5. (pp. 129-170)
    Christopher P. Twomey

    While China has deployed significant anti-access and area denial (A2/AD) capabilities, its development of doctrinal concepts to wield those capabilities remains underdeveloped, although doctrinal developments in other directions have continued. These, along with many high profile Chinese weapons programs, suggest China’s view of modern maritime warfare continues to evolve and often are drawing on imported ideas that will prove challenging for the People’s Liberation Army (PLA) to internalize in the near term.

    Central to China’s approach to facing American military capabilities in East Asia has been the development of what the United States has characterized as the Chinese A2/AD forces....

  6. (pp. 171-206)
    Wanda Ayuso and Lonnie Henley

    The People’s Liberation Army (PLA) continues its long transition toward truly “integrated joint operations” (“一体化联合作战”), but has made less progress to date than Chinese military leaders would wish. In the early-2000s, PLA leadership established a goal of achieving “major progress” toward “informatized armed forces” by 2020 and fully modernizing the force by the mid-21st century.¹ In 2006, Hu Jintao issued guidance on transforming PLA training by training commanders and staff on joint operations concepts. PLA efforts toward joint operations since 2008 have centered on: developing faculty expertise in military educational institutions; getting PLA commanders to think in terms of joint...

  7. (pp. 207-256)
    Joe McReynolds and James Mulvenon

    This chapter examines Chinese military informatization under Hu Jintao, with an emphasis on the integration of military and civilian informatization efforts as well as the evolution of Hu’s informatization strategy from that of his predecessor, Jiang Zemin. During Hu’s term, the People’s Liberation Army (PLA) fully embraced informatization as a central guiding principle of military theory and doctrine, an underlying firmament uniting PLA concepts such as the revolution in military affairs (RMA) with Chinese characteristics, integrated joint operations, civil-military integration, and system-of-systems warfare, and tying them to China’s broader civilian informatization effort. However, this theoretical sophistication masks significant operational deficits,...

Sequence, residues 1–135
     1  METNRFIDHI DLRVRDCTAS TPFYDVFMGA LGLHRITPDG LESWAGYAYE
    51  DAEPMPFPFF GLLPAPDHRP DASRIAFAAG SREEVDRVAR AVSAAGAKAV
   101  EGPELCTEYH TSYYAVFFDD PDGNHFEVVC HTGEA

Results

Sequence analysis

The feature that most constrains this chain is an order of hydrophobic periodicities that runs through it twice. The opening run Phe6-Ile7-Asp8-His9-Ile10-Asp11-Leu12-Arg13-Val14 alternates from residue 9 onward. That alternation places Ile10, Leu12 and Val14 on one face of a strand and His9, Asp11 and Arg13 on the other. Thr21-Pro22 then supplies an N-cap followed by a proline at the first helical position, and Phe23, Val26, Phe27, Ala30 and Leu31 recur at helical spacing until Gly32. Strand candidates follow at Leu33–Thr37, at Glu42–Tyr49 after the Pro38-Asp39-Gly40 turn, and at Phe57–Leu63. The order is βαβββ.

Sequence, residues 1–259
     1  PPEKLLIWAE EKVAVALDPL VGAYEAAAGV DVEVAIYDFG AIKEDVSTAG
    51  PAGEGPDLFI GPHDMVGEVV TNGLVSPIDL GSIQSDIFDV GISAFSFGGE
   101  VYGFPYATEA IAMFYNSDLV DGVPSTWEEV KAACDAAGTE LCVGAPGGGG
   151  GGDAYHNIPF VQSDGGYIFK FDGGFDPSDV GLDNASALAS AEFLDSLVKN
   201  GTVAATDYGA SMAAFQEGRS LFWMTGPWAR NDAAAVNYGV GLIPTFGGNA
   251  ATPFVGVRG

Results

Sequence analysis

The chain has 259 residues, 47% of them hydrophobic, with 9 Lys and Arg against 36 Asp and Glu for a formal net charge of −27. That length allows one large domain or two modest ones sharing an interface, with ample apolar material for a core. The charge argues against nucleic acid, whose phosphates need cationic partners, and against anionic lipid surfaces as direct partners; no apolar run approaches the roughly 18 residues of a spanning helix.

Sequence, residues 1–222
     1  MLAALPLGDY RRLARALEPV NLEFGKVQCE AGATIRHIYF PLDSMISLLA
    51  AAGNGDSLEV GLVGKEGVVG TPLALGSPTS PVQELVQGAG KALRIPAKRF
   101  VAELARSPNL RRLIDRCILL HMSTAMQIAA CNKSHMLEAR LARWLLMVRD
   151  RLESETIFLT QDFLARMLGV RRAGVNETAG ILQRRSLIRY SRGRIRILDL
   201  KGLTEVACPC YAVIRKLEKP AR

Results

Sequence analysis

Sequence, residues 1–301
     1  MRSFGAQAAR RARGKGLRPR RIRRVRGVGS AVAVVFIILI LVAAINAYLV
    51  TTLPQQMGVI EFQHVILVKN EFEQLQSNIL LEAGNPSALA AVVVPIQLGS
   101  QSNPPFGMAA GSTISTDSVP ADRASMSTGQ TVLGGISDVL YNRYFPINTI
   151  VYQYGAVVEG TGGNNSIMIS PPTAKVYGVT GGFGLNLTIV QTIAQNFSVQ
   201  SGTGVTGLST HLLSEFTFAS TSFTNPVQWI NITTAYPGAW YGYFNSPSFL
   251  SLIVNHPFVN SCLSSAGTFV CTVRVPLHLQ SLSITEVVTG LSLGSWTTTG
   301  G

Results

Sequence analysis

8. (pp. 257-300)
    Nan Li

    This chapter examines China’s naval strategy and capabilities in the Hu Jintao Era. It addresses issues such as Hu’s contributions to naval strategy; the People’s Liberation Army Navy’s (PLAN) missions, priority, and operational concepts; and PLAN’s changing capabilities and factors that can account for changes.

    For naval strategy, Hu has made two contributions. He requires the People’s Liberation Army (PLA) to safeguard China’s newly emerging overseas interests, which defines PLAN’s far-seas missions; and he endorsed the concept of information systems-based system of systems operations, which impacts how PLAN conducts operations. Between far-seas and near-seas missions, however, PLAN strategists believe that...